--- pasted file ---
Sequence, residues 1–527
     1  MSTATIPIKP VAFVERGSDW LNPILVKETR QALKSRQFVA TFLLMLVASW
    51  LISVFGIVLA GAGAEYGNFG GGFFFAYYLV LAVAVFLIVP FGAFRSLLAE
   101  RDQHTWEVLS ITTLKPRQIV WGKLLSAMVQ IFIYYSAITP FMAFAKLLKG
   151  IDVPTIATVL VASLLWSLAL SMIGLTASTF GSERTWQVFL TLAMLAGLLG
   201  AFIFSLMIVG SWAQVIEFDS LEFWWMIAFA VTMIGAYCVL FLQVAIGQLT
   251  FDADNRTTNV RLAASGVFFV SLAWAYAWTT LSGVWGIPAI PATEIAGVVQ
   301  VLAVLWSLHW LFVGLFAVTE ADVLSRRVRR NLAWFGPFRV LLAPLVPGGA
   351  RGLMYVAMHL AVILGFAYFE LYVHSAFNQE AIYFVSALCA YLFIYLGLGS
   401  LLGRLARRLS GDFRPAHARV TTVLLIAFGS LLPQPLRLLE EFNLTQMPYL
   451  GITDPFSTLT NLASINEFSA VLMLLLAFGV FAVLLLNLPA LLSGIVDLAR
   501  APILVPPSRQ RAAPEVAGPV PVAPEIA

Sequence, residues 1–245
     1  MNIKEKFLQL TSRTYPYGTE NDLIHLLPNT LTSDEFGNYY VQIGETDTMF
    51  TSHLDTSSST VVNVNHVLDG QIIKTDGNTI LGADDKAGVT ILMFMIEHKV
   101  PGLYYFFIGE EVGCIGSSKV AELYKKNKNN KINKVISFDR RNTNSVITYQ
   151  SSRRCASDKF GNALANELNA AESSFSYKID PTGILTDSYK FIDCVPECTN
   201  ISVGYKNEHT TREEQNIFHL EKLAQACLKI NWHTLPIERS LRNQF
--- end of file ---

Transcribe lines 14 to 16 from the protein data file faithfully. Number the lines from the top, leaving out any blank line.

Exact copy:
     1  MNIKEKFLQL TSRTYPYGTE NDLIHLLPNT LTSDEFGNYY VQIGETDTMF
    51  TSHLDTSSST VVNVNHVLDG QIIKTDGNTI LGADDKAGVT ILMFMIEHKV
   101  PGLYYFFIGE EVGCIGSSKV AELYKKNKNN KINKVISFDR RNTNSVITYQ